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Saturday, 15 May 2010

The Reply Given in Arkell v. Pressdram

I have been asked about the leading case of Arkell v. Pressdram (1971), which I referred to here.

This case is well known among lawyers and journalists, especially the phrase "I refer you to the reply given in Arkell and Pressdram".

But it really deserves to be better known, and so I set it out below.

(I have taken the text from here and background is here.)


Solicitors' letter to Private Eye:

We act for Mr Arkell who is Retail Credit Manager of Granada TV Rental Ltd.

His attention has been drawn to an article appearing in the issue of Private Eye dated 9th April 1971 on page 4. The statements made about Mr Arkell are entirely untrue and clearly highly defamatory.

We are therefore instructed to require from you immediately your proposals for dealing with the matter. Mr Arkell's first concern is that there should be a full retraction at the earliest possible date in Private Eye and he will also want his costs paid. His attitude to damages will be governed by the nature of your reply.



Private Eye's reply:

We acknowledge your letter of 29th April referring to Mr J. Arkell.

We note that Mr Arkell's attitude to damages will be governed by the nature of our reply and would therefore be grateful if you would inform us what his attitude to damages would be, were he to learn that the nature of our reply is as follows: fuck off.



No further correspondence was received.


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13 comments:

Joe said...

LOL.
Private Eye are heroes

and so are you

Zeno said...

Who said lawyers don't have a sense of humour? :-)

Cosmic Navel Lint said...

Simply glorious! Gotta love The Eye!

I remember, years later, Ian Hyslop, as the then new editor of The Eye, standing on the steps of the High Court, after having lost one of its myriad libel suits pressed by Robert Maxwell; The Eye had just been asked to stump-up something in the region of £250K in damages to Maxwell - a sum it could then, or now, ill afford.

Now surrounded by microphone-thrusting reporters, and other lost-libel-case-carrion-feeders, and patently worried about from where (or whom - usually Peter Cook's wallet stepped in on these occasions) - he was going to get the the money, Hyslop was asked his immediate response to the size of the damages and replied, in punishing pun:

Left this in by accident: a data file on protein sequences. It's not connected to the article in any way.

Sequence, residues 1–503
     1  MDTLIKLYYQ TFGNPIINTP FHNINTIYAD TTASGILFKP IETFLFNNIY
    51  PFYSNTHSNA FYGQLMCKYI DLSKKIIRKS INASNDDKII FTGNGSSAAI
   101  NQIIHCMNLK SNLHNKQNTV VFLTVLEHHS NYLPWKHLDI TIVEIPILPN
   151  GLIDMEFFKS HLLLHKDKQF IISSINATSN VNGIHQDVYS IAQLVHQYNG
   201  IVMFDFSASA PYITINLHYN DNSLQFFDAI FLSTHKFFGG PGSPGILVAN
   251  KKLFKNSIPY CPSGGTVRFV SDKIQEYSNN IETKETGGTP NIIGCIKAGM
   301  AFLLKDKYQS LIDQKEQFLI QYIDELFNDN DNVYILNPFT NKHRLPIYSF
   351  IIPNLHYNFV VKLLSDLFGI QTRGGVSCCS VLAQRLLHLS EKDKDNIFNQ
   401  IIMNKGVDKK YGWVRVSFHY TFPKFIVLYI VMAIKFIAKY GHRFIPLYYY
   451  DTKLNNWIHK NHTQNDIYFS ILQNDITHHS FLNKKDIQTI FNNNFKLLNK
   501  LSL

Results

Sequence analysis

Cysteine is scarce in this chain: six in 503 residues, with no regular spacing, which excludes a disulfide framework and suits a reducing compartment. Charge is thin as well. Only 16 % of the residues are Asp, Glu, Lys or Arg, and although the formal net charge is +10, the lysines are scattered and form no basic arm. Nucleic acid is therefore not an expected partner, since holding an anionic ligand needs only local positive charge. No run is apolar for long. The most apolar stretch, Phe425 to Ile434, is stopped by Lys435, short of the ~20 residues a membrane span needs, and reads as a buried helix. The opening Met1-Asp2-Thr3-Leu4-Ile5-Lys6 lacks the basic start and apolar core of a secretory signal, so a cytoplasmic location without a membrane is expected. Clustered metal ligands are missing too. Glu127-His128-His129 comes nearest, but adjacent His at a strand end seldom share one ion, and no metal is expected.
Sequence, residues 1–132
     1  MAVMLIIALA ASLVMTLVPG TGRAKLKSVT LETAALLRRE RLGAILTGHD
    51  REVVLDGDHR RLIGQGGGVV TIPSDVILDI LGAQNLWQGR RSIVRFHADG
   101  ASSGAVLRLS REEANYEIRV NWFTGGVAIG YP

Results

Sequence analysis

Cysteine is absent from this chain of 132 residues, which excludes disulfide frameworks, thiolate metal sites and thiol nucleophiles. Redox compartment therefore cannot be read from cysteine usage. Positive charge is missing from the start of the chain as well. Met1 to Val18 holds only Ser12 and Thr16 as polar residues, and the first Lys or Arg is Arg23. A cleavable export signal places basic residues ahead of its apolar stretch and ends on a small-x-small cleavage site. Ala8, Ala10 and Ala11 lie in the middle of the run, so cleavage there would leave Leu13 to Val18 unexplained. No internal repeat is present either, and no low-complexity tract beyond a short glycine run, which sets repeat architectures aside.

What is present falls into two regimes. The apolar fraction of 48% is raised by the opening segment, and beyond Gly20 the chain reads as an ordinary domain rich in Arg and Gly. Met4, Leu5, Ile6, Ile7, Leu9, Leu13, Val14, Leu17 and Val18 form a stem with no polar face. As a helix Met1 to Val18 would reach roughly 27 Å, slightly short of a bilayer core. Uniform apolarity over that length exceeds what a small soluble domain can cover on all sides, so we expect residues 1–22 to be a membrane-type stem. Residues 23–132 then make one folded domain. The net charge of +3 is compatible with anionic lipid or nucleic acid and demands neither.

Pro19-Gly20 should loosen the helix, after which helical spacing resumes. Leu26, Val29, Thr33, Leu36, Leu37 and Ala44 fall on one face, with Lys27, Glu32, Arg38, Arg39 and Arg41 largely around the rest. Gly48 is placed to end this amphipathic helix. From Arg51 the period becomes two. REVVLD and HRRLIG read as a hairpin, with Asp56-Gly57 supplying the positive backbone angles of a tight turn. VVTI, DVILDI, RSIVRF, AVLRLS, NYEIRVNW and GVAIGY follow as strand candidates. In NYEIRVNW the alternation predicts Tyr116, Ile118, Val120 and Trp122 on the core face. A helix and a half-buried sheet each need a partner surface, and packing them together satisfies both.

"Well, all I can say at this time is that it's a big fat cheque - and naturally I'm not referring to Mr Maxwell..."

John Collins said...

Tragically Maxwell topped himself to avoid facing the music for crimes far worse than Private Eye reported.

Later on Sonia Sutcliffe sued, got some ridiculous damages and Hislop famously said "If that's justice, I'm a banana".

And it proved in the end that she had indeed covered up for her infamous husband. I wonder if she ever had to pay back her ill-gotten gains?

Plaid Gwersyllt said...

Blogged on it here following your report on the Osler case:
http://wrecsamplaid.blogspot.com/2010/05/arkell-v-pressdram-1971.html

PJH said...

Some background to the article that caused the case wouldn't have gone amiss...

ivan said...

I always presumed from the description "Arkell v Pressdram", and the description of Arkell as "the plaintiff" that some proceedings were actually instigated. But the description here makes it sound like all that happened was that some lawyers dashed off the above letter, Eye said f. o. and that was that. So was there actually a case, or has a mythology of a case built up around that brief correspondence?

In the wiki article, they give just the final sentence of the solicitors' letter, where it looks odd. But taken in the context of the complete letter, it doesn't seem to be very different from "if you retract and apologise grovellingly enough we may let the matter lie there," which seems a fairly normal thing to say.

Jack of Kent said...

@ivan

As far as I am aware it refers only to this exchange.

Using such a portentious sounding case name is part of the (in-)joke.

Neil Howlett said...

I don't think this is a case that went to court or was reported. I believe that the origin of this story (other than via chat in El Vino's) is that it appeared in a footnote in Geoffrey Robertson's book 'Media Law' (a good read even if it didn't this). Certainly that's where I first saw it many years ago. He acted for Private Eye in many cases. The point is that Private Eye knew the threat of proceedings had no basis, or were prepared to take the risk. It isn't clear if the response was from Private Eye itself or their lawyers. In these PC says I'm not even sure a solicitor could say things like that.

Penglish said...

The Clevelands Brown response is almost as good, assuming it's genuine. It's available in on the web, including at http://nylawblog.typepad.com/legalantics/2011/01/sometimes-lawyers-are-actually-funny.html

"Attached is a letter that we received on November 19, 1974. I feel that you should be aware that some asshole is signing your name to stupid letters."

Mike said...

It may help to explain that Pressdram is the company that owns/owned Private Eye but a wonderful retort never-the-less!

Private Eye said...

Messrs Jeffrey Benson and Michael Isaacs of Tracing Services Ltd, currently on bail on charges of conspiracy to create a public mischief, appear to have lost most of the work collection debts and tracing absoners for the Granada group, to the considererable regret of Mr James Arkell, Granada's retail credit manager. Ever since last June, when Tracing Services got the contract, Mr Arkell has been receiving £20 every month from Tracing Services, but the payment now appears to have stopped.

Craig. said...

Just superb - I've not seen this before but is truly hilarious!